Paddles and other equipment

Paddle

Kayak paddles have two blades, usually set at an angle to each other (called offset) between 60° and 85° apart. The following notes assume right handed paddlers and paddles.

The old method of determining the length is to stand the paddle vertically alongside you. If you can curl fingers over the top blade, the paddle is about the right length. This method is not ideal and often results in paddles that are too long.

The correct length paddle for sea kayaks, flatwater competition boats, skis and similar (longer vessels with reasonable directional stability) will be such that the bottom blade is just fully submerged as it passes the paddlers” knee whilst the top hand is at around eye height. This is a function of torso height and seat height and can be very different for two people of the same height with different body dimensions and different vessels.

Whitewater paddlers tend to use shorter paddles that fit in with their lower seating position and smaller boats.

The best starting point is to talk to your local AC National Training Provider or AC Instructor, Guide or Coach to get an approximate length to start with.

A paddle shaft that is too long creates too long a lever, excessively loading the muscles that are providing the force. The length of the paddle should be chosen carefully as a paddle that is too long can cause injuries and make it impossible for the paddler to perform the correct technique

There is a misconception that a longer paddle is better for cruising, especially at sea. The most efficient (and correct) forward stroke (see kayak paddling) uses the top hand as a fulcrum with the bottom hand transferring the power to the blade. The further the bottom hand is from the blade, the less efficient power transfer will be to the water. Longer paddles are also heavier, put greater strains on the paddler, harder to use and more likely to encourage a lower, wider top hand which is poor technique.

Propeller Paddles

The major change to paddle shape occurred in the early 1980’s but didn’t gain widespread acceptance until the late 1980’s. This change in shape was called the ‘wing’ paddle. Using the shape of a bird’s wing as a template, the paddle was designed to utilize lift properties, according to Bernoulli’s principal. Just as a bird’s wing, or aeroplane wing, uses differences in air pressure to allow the bird or plane to fly, this blade design uses differences in water pressure on the front and back surface of the blade to hold the blade locked onto a body of water more effectively. There is less movement of water and less slippage of the blade in the water – effort is spent to move the boat past the blade in the water, rather than move some water and some boat, as was the case with the flat blade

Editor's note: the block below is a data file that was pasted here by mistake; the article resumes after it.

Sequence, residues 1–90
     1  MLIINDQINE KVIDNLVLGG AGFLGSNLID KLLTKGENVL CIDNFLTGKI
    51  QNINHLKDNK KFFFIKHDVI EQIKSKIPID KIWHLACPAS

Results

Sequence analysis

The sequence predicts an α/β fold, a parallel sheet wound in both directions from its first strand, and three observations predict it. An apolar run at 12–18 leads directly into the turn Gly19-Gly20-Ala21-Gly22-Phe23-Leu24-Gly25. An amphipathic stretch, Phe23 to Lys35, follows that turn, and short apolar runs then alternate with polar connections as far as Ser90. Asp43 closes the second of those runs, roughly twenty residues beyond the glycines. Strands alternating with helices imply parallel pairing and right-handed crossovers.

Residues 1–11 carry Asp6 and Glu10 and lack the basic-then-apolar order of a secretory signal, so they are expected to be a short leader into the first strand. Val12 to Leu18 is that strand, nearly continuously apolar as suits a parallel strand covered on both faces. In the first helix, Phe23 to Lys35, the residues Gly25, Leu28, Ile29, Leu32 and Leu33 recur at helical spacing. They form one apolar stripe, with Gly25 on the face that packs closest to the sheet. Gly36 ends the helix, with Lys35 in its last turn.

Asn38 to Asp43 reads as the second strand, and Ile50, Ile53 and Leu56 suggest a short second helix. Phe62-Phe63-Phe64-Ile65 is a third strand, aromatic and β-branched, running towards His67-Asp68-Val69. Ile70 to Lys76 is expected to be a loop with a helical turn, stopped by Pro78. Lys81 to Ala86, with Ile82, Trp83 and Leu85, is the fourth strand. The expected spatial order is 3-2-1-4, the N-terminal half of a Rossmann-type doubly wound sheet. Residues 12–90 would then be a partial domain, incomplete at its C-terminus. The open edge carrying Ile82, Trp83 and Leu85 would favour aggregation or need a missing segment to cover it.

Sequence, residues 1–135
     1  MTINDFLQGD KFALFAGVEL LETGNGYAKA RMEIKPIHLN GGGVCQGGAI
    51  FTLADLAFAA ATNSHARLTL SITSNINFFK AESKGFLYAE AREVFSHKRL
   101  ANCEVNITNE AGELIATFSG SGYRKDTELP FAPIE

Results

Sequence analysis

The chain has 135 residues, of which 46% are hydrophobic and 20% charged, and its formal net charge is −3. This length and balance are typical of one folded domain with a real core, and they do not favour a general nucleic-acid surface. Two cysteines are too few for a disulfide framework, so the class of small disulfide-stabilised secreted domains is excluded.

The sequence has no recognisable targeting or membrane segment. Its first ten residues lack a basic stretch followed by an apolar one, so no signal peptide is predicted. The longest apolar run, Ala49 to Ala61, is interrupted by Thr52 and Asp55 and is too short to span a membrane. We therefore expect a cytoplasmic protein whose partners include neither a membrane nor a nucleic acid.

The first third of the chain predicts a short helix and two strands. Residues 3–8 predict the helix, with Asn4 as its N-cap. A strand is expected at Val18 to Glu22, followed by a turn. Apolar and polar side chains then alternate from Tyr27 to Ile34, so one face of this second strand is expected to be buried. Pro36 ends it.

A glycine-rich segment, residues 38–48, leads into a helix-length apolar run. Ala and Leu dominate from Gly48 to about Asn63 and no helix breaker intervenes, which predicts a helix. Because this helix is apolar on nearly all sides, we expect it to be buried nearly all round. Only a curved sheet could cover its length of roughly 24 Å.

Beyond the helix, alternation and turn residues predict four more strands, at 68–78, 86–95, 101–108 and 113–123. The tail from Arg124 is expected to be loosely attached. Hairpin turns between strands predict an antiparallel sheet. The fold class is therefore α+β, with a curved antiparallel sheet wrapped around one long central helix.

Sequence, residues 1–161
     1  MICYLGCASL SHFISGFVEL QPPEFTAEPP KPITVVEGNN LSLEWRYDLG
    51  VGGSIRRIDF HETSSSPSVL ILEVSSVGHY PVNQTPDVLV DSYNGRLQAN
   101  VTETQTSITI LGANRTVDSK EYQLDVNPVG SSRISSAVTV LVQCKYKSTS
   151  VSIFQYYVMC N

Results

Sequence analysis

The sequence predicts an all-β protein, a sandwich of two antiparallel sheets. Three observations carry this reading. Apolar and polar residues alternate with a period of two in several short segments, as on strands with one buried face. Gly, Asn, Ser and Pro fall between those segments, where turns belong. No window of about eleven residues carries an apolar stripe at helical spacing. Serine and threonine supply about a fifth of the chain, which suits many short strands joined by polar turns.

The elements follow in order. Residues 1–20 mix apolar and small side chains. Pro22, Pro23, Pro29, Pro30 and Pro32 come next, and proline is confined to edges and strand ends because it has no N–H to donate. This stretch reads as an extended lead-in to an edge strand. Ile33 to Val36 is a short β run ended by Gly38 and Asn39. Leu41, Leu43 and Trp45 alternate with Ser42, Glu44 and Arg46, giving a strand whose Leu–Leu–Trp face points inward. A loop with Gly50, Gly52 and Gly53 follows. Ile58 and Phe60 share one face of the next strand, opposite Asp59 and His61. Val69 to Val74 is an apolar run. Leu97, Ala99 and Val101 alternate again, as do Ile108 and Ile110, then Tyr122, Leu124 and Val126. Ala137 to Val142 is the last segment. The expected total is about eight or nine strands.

A small change of shape occurred in the wing paddle very shortly after its general acceptance, to a more rectangular shape. This blade became known as the ‘propeller’ and it is in general use today, with limited variation amongst brands

PFD

Australian Canoeing recommends that all paddlers wear a PFD (equivalent to Australian Standards for Type 2 or 3 PFDs, whilst on the water.

Colour should be chosen to make the paddler more visible, also check that any pockets or attachments, straps, etc. are not likely to catch or impede exit in the event of a capsize.

PFDs give you valuable floatation in the event that you end up swimming.

Clothing

As always, dress for the conditions.
Paddlers need to protect themselves from heat and cold.
Sunburn, sunstroke, heatstroke, dehydration are all risks in paddling on hot days. Always wear a hat and use sun protection. Drink regularly whilst paddling.

On the other hand, hypothermia, the loss of body heat in cold and wet, and made worse by wind is a real risk in paddling on cold days. A wind break in the form of a cag or other windproof layer is most important to stop heat loss. Under the jacket paddlers should use wool, or heat conservation synthetic garments. (A couple of mnemonics: ‘Cold cotton can’t come canoeing’ and ‘Wool is warm when wet.’) In the diagram, she is dressed for hot conditions, he for cold and windy. In an open canoe she might prefer slacks for protection from the sun, while they would both add a helmet for white water or surf.